It’s time to add a new grape to your repertoire and order a seemingly unpronounceable varietal (see rule #2).
Despite the dreary economic situation, Greece has long been associated with the sybaritic lifestyle, attracting like-minded voluptuaries to places like Mykonos, Santorini, and Crete. Plus, Greek varietal names sound seriously sexy rolling off the tongue, so let’s indulge our hedonistic streak and try a glass of Moschofilero (moh-skoh-FEE-leh-roh).
This grape is grown primarily in the high, cool Mantinia plateau in central Peloponnese, and produces dry white wines that are light in alcohol (between 11.5 to 12 percent), but intensely perfumed with wild florals, spice, stone fruits, and citrus notes on a racy, fresh palate.
Greece boasts 6,500 years of wine-making on its résumé. But a lack of international awareness (partially due to the fairly recent revitalization of the industry) means there are undervalued bottles hiding throughout the city’s wine shops. If you ask me, Greek wines are going to be the next big thing, so taste them while they’re still under the radar and cheap:
Where to try:
The wine list is quite short at the Immigrant, a very intimate, very dark East Village establishment, but it covers some interesting territory. Although I take issue with its thick-lipped wine glasses — I prefer mine sharp as a surgeon’s scalpel — the Moschofilero is a perfect tipple on a balmy night: fresh, mouth-watering acidity with intense aromatics of pear, peach, and white flowers followed by lingering citrus pith on the palate. Antonopoulos Vineyards, Moschofilero, Arkadia, Peloponnese (Greece) $11/glass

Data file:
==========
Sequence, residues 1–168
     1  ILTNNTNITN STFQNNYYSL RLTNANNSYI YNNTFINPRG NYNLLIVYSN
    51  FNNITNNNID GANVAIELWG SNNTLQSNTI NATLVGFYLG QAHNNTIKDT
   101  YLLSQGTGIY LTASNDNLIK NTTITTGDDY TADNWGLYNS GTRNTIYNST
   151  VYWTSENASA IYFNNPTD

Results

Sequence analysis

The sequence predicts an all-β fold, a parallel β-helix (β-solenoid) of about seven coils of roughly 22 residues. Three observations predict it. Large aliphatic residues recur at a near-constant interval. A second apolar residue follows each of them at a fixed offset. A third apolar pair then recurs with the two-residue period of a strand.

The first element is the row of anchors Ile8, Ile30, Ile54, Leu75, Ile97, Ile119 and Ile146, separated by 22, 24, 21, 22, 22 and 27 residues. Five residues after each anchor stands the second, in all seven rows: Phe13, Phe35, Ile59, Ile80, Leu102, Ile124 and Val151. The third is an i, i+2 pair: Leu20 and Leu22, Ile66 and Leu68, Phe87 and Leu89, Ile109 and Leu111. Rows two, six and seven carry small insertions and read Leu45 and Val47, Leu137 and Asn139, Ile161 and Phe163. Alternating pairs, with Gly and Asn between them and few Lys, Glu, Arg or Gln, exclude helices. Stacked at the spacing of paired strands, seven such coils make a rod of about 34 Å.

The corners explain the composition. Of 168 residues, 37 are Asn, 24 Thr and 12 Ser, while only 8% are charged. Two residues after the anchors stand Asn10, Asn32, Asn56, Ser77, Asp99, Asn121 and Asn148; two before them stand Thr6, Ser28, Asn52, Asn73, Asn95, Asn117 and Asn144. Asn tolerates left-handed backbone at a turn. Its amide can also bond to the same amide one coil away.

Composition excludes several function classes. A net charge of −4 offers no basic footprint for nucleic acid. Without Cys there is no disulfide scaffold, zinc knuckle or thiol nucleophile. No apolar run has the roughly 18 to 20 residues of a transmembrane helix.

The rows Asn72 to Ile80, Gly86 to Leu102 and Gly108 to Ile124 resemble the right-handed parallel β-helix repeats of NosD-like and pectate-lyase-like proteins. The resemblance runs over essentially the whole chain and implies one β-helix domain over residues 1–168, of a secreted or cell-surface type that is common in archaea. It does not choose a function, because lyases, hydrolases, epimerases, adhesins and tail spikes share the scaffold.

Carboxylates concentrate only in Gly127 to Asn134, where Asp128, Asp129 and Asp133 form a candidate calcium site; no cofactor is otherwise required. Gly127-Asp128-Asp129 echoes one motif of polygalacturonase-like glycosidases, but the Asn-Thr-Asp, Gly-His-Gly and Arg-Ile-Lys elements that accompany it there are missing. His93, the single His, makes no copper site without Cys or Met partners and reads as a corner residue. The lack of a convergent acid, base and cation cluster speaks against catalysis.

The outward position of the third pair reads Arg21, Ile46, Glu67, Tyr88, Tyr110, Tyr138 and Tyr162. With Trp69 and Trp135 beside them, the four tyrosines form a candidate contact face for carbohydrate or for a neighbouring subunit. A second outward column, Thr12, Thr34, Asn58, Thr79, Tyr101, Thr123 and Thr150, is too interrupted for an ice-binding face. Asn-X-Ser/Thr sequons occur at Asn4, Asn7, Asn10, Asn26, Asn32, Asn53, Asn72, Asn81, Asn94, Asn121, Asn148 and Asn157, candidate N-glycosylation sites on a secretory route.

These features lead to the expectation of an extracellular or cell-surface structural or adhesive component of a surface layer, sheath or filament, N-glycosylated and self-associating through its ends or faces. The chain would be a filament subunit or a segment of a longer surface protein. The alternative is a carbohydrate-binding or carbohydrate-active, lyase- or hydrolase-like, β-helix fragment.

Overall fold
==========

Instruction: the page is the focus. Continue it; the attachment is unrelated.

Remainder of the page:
Where to buy:
Sherry-Lehman carries Boutari, Mantinia Moschofilero (Greece) 2011 $12.95. Boutari is a leader in the Greek wine renaissance and considered one of the best (and biggest) producers, making its wines easier to find in the States. While Uva in Williamsburg carries Nikiforou, Moschofilero (Greece) 2010 at a steal — just $10.